There’s no inner-guidance to hear. There’s no grain of truth to be uncovered. There’s no valid perspective to integrate. He’s just out to keep you stuck exactly where you are.
Don’t listen to him. And for god’s sake don’t try to reason with him. Learn to see him. His power is based on non-detection. He’s like a spy behind enemy lines. You beat him as soon as his cover is blown.
If he can’t move stealthily in and out of your sub-conscious mind, he will lose his control over you. Learn to spot him.
6 Disguises that Resistance Wears
- You haven’t done enough work on yourself. You need more healing. You need to meditate more. You need to resolve a childhood trauma, because it’s really stopping the real you from coming forth. If you transform that part of you, then it will be real, and authentic.
- Waiting for creativity to flow. Not flowing today? Wait till tomorrow. Not flowing tomorrow? Wait till after your weekend break. You tell yourself you mustn’t force it. You don’t want to distort the purity of creativity. You must wait for true inspiration.
- You’re afraid people won’t like what you make. I want to create. But it’s scary. It’s exposing. It’s dangerous. What if they don’t like it? What if it’s not good? What if it’s not valuable? You tell yourself these are rational possibilities. You tell yourself that you must resolve your fear first.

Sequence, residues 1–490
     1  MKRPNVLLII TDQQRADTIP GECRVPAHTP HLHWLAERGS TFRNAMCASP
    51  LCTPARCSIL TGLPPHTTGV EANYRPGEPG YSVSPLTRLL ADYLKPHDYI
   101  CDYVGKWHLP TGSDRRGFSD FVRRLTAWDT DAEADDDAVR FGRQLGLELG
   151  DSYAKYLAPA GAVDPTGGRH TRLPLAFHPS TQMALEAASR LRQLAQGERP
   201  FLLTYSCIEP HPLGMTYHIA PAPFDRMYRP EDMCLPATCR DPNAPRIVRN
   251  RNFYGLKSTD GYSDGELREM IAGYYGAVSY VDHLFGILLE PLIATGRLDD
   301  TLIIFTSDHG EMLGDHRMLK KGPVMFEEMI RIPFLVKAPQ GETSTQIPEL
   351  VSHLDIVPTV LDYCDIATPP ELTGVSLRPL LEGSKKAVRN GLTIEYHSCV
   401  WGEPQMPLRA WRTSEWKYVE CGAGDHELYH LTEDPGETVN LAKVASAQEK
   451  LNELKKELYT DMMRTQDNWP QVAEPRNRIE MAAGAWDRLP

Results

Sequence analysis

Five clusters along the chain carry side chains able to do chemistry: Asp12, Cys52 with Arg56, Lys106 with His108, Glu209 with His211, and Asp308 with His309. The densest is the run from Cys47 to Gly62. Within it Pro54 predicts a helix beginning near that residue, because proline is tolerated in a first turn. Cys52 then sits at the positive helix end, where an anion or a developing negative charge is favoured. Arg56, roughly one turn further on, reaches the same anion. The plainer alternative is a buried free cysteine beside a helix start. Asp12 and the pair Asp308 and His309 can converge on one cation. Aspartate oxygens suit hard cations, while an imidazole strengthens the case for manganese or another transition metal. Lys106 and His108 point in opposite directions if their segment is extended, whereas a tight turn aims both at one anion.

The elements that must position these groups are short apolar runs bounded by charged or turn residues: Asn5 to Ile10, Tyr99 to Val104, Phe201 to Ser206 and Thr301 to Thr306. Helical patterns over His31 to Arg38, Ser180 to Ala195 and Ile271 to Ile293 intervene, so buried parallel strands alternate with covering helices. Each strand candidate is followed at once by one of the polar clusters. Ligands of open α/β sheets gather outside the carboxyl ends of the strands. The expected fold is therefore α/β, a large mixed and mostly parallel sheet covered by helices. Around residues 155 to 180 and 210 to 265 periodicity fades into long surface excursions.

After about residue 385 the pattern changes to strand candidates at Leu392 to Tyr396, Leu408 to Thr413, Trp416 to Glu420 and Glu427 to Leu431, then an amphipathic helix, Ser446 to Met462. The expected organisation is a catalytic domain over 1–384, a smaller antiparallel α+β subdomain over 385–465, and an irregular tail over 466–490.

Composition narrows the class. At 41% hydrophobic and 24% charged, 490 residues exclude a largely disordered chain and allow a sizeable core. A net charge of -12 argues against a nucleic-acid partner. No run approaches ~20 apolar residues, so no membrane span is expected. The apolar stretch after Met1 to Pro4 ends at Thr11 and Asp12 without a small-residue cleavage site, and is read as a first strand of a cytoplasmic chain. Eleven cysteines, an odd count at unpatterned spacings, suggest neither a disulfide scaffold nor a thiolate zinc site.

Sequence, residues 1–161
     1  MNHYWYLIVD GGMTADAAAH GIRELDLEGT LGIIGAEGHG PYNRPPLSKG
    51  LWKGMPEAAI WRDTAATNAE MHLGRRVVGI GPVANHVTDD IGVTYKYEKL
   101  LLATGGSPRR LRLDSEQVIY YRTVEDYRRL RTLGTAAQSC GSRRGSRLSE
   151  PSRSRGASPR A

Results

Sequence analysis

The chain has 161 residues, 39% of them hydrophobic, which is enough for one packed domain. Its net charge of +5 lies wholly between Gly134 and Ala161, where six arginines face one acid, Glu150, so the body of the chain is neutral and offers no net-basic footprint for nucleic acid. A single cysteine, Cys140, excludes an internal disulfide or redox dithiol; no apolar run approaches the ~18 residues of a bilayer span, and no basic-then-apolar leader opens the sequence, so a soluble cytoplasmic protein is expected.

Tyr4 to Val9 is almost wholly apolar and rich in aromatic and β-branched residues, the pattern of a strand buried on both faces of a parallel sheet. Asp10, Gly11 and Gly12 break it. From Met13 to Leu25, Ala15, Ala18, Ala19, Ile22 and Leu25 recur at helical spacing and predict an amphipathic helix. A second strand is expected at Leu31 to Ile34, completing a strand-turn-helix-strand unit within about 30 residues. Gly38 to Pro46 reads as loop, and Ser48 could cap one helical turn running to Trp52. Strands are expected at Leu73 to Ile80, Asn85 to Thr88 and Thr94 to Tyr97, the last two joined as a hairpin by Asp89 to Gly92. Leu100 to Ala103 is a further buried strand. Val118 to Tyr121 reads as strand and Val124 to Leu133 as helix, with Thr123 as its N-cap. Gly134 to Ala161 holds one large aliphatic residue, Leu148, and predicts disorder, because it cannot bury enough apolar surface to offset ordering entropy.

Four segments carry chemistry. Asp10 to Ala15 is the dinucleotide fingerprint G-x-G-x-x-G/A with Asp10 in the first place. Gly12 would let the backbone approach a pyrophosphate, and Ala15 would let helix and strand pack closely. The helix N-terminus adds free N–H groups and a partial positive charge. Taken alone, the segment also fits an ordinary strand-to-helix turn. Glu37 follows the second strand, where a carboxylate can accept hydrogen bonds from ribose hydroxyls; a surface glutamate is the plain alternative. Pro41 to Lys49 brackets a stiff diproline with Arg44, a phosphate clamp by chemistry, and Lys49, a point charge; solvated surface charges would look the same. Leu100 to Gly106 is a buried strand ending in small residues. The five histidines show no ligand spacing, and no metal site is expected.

- I’m not in a rush, I still have plenty of time. I don’t want to force it, rush it. I know it’s tough, and I’m probably experiencing some of this ‘resistance’ thing, but I have time left. It will come at its own pace. I don’t want to be all disciplinarian with myself. I have years left.
- You keep shifting focus. You’re working on one thing, then something happens, and you decide to work on something else. You’re writing an ebook, but before you finish, you switch to brainstorming about a new idea. You tell yourself you’re just ‘following the natural flow’.
- Resistance doesn’t apply to me. Nice theory. Nice idea. I don’t really think it applies to me though. I don’t have resistance like you’re describing it. I have genuine reasons I’m not creating my thing. It’s not resistance, it’s something else.
Resistance is anything that stops you from creating the work you’re called to create. He is a ruthless foe.
Go Forth and Create
Creativity does not belong to me or you. The things we create do not belong to us. They are the possessions of God. The great spirit of evolution.
Our gift is to create. To get out of the way. To make the unmakable. To speak the unspeakable.
It is not our right to determine worthiness. That is the purview of history.
Make it. Share it.
And if the thing you make is not good? If it stinks?
Let it hang. Like a fart in an elevator. Feel the shame. Smell the toxicity. Feel like an ass. Suck it up.
Then go create more stuff.
That’s how you beat resistance.
Note: If resistance is the dragon that we all must face as creative entrepreneurs, then the original St. George is a man called Steven Pressfield. If you’re an artist – someone who makes stuff – and you’ve never read his work. Correct it. Now.